Monday, August 4, 2008

Horse Slaughter: A Completely Un-Necessary Evil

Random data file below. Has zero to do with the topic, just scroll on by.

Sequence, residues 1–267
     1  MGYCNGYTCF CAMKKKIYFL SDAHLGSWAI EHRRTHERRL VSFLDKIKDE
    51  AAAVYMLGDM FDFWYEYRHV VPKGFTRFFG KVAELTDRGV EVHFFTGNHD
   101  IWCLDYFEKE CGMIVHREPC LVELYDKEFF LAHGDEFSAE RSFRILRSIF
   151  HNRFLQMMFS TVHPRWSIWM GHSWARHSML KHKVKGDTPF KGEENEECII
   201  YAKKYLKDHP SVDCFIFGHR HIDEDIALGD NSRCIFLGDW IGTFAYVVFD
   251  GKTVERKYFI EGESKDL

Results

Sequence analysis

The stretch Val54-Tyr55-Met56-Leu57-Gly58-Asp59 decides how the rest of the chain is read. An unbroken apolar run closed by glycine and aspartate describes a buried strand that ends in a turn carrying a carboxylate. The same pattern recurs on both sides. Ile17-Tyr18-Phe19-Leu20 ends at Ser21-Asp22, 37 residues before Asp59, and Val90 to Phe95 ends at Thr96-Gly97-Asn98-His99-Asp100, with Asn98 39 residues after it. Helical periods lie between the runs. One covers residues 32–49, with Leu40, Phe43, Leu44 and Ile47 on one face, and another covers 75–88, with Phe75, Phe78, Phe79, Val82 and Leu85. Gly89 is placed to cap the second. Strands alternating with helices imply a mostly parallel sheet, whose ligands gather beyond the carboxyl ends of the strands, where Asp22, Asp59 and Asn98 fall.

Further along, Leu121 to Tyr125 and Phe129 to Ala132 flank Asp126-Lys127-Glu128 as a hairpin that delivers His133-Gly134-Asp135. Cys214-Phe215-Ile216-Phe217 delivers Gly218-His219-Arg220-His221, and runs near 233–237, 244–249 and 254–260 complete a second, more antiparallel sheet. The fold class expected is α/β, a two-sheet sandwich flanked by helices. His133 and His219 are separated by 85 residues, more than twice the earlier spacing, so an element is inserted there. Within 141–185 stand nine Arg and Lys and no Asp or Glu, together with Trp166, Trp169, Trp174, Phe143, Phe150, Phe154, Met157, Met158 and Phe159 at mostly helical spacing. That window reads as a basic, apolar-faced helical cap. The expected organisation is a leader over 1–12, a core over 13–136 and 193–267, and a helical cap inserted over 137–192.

With all the evils in the world, you would think it would behoove us as humanitarians, to work towards minimizing and/or eradicating the ones that we can, the "un-necessary evils," if you will. When looking upon evils, we have to make the distinction, what are necessary evils as opposed to un-necessary ones? Well, I would say that the necessary evils, that is, evils that we are powerless to change immediately, are things like war, inequality in a capatilist society, and, at this point in time, air pollution and the slaughter of animals for food. So what is an un-necessary evil? Well, war mongering, for one. We may need war as a necessary evil when it comes to defending our country but that dosnt mean we need to promote it, embrace it or utilize it casually. It should be the "weapon of last resort." Inequality can also be seen as an un-necessary evil as there are curative measures that would "level the playing field," if only the desire by the powers-that-be (PTB) were there, same goes for the necessary evil we are now facing with air polltion, there are curative measures there also if only, again, the PTB would care enough to work towards minimizing it. The slaughter of animals for food is a necessary evil as long as there is a demand for it in the United States, and there will always be a demand for beef steaks, pork chops, bacon, poultry, lamb, etc., but when America takes to slaughtering non-food animals to export for human consumption abroad, well that is what we call a completely un-necessary evil. Americans do not eat our horses, or our cats and dogs. The United States Department of Agriculture has a list of "offical" approved "food-chain" animals and you wont find the horses, dogs, cats (or hamsters, guinea pigs, canaries, etc.) on that list. Still, (and this is one of Americas "Dirty Little Secrets" now being exposed,) ......that America is the worlds largest exporter of horses for human consumption abroad, and it is not for the purposes of feeding the poor. Quite the contrary, the horses we ship abroad for human consumption will be sold at high-end butchers shops and European restaurants where only the wealthy can afford to buy, "A Taste of a Kentucky Derby Winner." Remember Ferdinand. Remember Exceller, and so many thousands more lesser known equine champions and athletes. Americans, shame on us.

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